Radar analysis measures precipitation risk for car crashes
Researchers have used radar data to determine how precipitation can affect the risk for fatal highway crashes. California residents should know that the results of this study are more precise than those of previous studies, which would rely on police reports or field observations to determine if there was precipitation at the time of a crash.
The high-resolution data was culled from 130 weather radars across the continental United States after researchers had divided the area into 25 million quadrants and entered the location of 125,012 fatal car crashes that occurred between 2006 and 2011. This data accurately reveals the density of precipitation and its location down to a few hundred meters.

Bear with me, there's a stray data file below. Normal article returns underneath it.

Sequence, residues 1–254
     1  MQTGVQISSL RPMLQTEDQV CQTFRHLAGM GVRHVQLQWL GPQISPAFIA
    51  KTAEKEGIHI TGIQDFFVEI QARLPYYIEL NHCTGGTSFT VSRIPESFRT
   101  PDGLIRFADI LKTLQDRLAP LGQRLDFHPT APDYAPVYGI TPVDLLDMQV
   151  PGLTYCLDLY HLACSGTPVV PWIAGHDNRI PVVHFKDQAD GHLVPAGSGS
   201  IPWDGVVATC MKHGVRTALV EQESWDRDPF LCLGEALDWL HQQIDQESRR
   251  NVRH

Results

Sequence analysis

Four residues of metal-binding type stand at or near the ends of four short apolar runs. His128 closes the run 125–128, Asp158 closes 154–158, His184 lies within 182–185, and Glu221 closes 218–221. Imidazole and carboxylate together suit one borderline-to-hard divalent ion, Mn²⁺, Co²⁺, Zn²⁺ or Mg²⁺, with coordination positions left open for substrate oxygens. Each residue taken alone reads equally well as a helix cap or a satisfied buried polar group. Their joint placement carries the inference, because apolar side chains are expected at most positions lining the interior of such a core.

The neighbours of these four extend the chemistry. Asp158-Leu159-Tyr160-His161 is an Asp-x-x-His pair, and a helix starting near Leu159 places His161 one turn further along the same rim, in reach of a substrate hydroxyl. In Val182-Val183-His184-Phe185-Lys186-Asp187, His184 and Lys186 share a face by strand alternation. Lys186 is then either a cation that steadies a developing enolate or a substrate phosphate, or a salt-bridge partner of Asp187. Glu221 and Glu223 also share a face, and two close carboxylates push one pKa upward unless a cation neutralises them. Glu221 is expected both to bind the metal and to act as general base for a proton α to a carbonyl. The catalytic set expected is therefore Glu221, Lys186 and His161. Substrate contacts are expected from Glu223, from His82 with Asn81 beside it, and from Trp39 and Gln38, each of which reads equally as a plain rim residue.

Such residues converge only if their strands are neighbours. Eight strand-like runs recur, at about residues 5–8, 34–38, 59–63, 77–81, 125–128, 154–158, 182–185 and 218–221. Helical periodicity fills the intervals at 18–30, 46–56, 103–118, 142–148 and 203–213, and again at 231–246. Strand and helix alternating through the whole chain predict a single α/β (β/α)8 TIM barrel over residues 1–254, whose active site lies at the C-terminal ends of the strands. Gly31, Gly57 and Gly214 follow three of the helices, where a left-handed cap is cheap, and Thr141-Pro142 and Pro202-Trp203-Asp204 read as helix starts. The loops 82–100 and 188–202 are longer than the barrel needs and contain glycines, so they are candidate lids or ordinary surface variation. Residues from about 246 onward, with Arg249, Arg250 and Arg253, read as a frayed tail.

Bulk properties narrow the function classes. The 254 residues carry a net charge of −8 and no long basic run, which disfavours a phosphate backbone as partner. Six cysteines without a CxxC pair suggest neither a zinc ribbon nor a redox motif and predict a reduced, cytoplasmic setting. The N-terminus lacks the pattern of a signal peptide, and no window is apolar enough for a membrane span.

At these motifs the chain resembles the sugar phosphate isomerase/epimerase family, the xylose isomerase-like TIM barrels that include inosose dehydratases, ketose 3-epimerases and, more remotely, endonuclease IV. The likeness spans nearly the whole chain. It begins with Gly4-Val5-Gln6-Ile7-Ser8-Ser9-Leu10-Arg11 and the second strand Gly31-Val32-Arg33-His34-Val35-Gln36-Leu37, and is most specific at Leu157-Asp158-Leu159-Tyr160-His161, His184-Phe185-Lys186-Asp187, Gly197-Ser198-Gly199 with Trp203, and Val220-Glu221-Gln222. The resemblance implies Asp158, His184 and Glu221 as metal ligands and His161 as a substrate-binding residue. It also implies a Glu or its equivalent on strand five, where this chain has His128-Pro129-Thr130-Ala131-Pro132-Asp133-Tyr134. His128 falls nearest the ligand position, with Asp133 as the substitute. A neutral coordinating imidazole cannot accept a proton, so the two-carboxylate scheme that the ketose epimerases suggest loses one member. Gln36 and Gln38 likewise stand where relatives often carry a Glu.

Compared to previous studies, which said that precipitation increases the risk for a fatal crash by 10 to 76 percent, North Carolina State University researchers found that heavy precipitation or snow raises the risk by 246 percent. Light precipitation raises it by 127 percent. The Upper Midwest and Northern Rockies had the highest risk for precipitation-related fatal crashes.
Rural areas have a higher risk in bad weather than urban areas, possibly because drivers are more likely to speed in rural areas. The morning rush hour is the most dangerous time while the evening rush hour poses relatively little risk in bad weather.
Those who are injured in a car accident may be left with medical expenses, vehicle damage, lost wages and pain and suffering. However, if they discover that the other driver was negligent, they may be able to file a claim. Drivers cannot blame bad weather for their negligence; still, victims will likely face opposition from defendants' auto insurance companies, so they may want to hire a lawyer. The lawyer may handle all negotiations and litigate as a last resort.
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